Articles by: Erik Stayton

Science, The Only Frontier?

Science, The Only Frontier?

  As I was re-reading Vannevar Bush’s Science, The Endless Frontier, I was struck by the way that a shortage of scientists was being conceptualized in the US in the aftermath of World War II, in relation to how similar concerns about national innovation, economic growth, and the future of work are being conceptualized today. As a local example, I need only look so far as how MIT is reorganizing the freshman experience, trying to rethink what an undergraduate student at a science-and-engineering-oriented institution should come out knowing and being able to do. In this context, it seems a good […]

Aritificial Intelligence Ethics: Too Many Paperclips

Ethical AI. This has begun to become a buzzword in computer science circles. Big names in technology are throwing their weight behind the idea. There are a number of new research projects devoted to it, including a portion of MIT’s new IQ initiative. It even got a mention by former president Barack Obama.  But it isn’t clear what ethics for AI would look like. Nick Bostrom, in Superintelligence, presents one of the standard versions of this issue:  the paperclip-producing AI told to optimize paperclip production, that goes on to kill humanity in the service of producing as many paperclips as […]

Your Surveillance Fortune . . .

As part of the MIT Day of Action, Michelle Spektor and I came up with some facts, tips, and “fortunes” about surveillance and privacy to give out to passers by. The fortunes are, I think, the most interesting and thought provoking, so I am putting those up here. They range from the anodyne to the genuinely disturbing, but I think do a good job to capture some of the potential problems of a culture of pervasive surveillance by a wide variety of private, as well as governmental, actors. If you have your own idea for a surveillance fortune, add it […]

Science and Society Carnival @ MIT Day of Action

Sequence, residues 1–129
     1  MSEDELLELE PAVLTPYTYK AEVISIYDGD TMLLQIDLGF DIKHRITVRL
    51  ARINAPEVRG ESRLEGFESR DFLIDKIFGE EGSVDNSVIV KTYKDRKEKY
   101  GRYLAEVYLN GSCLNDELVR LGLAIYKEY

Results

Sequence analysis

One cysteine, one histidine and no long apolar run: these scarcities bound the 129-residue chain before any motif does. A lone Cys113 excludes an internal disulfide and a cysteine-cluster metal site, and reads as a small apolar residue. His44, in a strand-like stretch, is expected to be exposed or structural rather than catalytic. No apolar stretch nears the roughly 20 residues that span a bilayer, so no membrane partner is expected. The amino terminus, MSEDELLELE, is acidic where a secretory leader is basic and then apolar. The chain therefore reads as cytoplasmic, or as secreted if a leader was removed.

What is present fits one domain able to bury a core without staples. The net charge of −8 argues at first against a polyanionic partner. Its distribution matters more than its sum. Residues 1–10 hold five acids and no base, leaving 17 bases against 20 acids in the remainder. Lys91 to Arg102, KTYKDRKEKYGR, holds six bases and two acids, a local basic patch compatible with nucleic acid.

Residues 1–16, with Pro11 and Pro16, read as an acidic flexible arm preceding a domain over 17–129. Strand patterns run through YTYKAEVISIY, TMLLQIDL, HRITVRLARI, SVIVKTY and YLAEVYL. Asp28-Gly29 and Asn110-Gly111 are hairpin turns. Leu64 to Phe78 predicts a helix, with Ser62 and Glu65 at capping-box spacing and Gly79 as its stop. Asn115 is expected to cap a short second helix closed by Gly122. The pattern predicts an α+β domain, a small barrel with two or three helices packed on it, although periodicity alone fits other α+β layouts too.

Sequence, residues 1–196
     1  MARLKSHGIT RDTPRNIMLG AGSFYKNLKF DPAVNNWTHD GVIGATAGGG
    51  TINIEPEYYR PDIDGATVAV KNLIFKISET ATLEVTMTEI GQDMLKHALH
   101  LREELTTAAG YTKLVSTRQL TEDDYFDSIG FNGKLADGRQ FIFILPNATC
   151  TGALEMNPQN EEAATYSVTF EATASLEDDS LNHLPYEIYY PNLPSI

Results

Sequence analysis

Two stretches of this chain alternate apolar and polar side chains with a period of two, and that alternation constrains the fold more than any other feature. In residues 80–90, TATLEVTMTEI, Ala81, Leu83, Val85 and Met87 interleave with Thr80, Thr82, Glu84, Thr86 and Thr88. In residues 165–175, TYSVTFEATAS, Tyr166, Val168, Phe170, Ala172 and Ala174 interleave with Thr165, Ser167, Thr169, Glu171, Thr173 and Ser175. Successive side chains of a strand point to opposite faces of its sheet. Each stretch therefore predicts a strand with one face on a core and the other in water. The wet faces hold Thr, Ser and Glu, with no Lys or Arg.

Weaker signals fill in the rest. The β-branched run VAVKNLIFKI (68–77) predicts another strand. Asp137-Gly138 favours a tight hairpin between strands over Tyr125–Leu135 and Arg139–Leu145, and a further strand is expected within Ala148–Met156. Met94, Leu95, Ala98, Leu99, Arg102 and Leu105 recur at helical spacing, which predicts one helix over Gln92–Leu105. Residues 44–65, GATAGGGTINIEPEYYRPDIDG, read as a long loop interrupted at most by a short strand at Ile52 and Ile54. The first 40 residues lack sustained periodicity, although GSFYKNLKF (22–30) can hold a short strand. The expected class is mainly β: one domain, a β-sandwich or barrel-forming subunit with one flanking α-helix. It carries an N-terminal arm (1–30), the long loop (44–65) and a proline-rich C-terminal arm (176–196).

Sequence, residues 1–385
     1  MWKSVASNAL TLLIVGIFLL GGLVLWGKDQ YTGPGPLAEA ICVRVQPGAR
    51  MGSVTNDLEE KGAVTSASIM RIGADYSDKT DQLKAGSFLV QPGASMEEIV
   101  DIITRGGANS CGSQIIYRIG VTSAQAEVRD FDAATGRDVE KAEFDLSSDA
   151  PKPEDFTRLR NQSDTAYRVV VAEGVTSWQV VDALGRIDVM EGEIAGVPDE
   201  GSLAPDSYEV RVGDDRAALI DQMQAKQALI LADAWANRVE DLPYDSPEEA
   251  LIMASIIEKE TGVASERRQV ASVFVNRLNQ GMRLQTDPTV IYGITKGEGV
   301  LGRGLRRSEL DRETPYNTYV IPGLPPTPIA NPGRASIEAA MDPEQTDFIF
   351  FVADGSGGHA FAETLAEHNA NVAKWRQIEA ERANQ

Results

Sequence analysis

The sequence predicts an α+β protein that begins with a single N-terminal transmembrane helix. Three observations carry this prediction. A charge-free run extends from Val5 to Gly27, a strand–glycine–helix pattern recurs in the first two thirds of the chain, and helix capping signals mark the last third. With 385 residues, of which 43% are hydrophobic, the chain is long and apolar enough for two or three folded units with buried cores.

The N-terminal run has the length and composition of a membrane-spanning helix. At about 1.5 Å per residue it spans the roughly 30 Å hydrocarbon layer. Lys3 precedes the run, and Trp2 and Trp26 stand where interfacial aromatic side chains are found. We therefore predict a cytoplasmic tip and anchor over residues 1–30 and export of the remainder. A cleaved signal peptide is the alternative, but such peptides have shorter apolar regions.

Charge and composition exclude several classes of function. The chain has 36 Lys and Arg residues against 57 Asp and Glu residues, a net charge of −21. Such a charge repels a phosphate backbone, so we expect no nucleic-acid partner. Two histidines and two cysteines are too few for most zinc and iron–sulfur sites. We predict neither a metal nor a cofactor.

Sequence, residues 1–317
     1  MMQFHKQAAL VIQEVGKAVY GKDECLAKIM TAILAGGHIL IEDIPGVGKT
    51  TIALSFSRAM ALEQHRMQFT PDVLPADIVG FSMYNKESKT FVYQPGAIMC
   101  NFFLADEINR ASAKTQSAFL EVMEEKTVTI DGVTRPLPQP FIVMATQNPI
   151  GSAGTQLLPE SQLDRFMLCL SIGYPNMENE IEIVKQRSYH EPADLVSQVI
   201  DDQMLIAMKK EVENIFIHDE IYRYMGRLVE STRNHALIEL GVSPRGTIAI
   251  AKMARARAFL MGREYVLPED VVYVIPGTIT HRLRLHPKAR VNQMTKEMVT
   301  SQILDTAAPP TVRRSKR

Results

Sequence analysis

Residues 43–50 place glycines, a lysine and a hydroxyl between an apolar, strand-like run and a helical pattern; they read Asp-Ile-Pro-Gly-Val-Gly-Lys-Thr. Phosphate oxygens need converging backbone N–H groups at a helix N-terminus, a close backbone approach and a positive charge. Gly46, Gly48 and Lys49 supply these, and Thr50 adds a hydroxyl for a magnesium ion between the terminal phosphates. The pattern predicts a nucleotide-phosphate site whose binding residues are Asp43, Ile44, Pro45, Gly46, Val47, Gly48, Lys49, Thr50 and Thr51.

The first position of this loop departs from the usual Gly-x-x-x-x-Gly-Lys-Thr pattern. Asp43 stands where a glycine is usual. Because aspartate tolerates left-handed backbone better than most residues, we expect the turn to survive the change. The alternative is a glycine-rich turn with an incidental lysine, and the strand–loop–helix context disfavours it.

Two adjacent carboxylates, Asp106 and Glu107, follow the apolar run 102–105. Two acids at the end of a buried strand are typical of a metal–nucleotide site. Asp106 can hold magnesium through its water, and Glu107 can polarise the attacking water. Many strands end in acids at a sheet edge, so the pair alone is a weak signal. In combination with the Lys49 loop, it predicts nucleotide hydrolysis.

Provocation: Is science political? Scholars who study the practice of science and the social impacts of science and technology have long recognized that science does have political dimensions. Research in biology impacts how we define and value people. Basic research in physics and chemistry has led both to helpful new products and serious threats to human health and wellbeing. The findings of climate science may contribute to the reshaping of economies and day to day life for billions globally. On the technical side, Melvin Kranzberg’s enigmatic statement highlights a key problem for our times: “Technology is neither good nor bad; […]

The Relevance of STS in Industry, Part 1: On Critique

In conversations with several people in the general STS field, I have informally provided my perspective on the importance of philosophies from STS (and H and A, for that matter, our other component disciplines here) to the production of new technological artifacts. Among these sometimes unwitting interlocutors is Shreeharsh Kelkar, who suggested, perhaps a year ago, that I might post about these ideas. And it seems like it may be useful for myself and for others to put them into writing in a rather more concrete, if still informal, way. Figuring out how to achieve this fusion of technological research […]

On the Promise of AlphaGo

On the Promise of AlphaGo

  Games are an old venue for the development of AI programs, and have been part of the AI repertoire since the beginnings of the field. Turing wrote about games in his 1948 paper “Intelligent Machinery,” in which he suggested chess, noughts and crosses, bridge, and poker as among the games to teach machines. Why the focus on games that foreground disembodied mental activity? Because a “thinking machine” constructed in the image of a man would be “a tremendous undertaking” and therefore would be “altogether too slow and impractical” a research project (p. 39). Minksy, in the introduction to the […]

Colin Milburn – Inside Out: Videogames and the Technological Impulse

Colin Milburn – Inside Out: Videogames and the Technological Impulse

A “Liveblog” of Colin Milburn’s STS colloquium presentation, March 14, 2016. Compiled by Erik Stayton with the help of Mitali Thakor and anonymous others. The discussant was Emily Wanderer.   Hanna Shell: She welcomes us to the first STS Colloquium of the Spring 2016 season. Colin shared with us chapters of his book. Before she moves on to introducing Colin, she notes that Emily is an STS graduate and welcomes her back. Colin is the Gary Snyder Chair in Science and the Humanities at UC Davis, where he holds affiliations in STS, Cinema and Media Studies, and English — “he […]

A Few Thoughts on the Recent Google Car “Crash”

A Few Thoughts on the Recent Google Car “Crash”

As someone who studies automated vehicles, I have had a number of people send me links about the recently publicized “first” at-fault Google car crash (see this article for example). This is actually a really interesting situation, and presents a good moment to comment on a couple of important issues. First: As I wrote about in my M.S. thesis last spring, the notion of responsibility becomes more difficult to pin down in distributed and hybrid systems of humans and machines. Around this time, the frequency of Google car accidents came to light, with the inevitable comparisons to human accident rates […]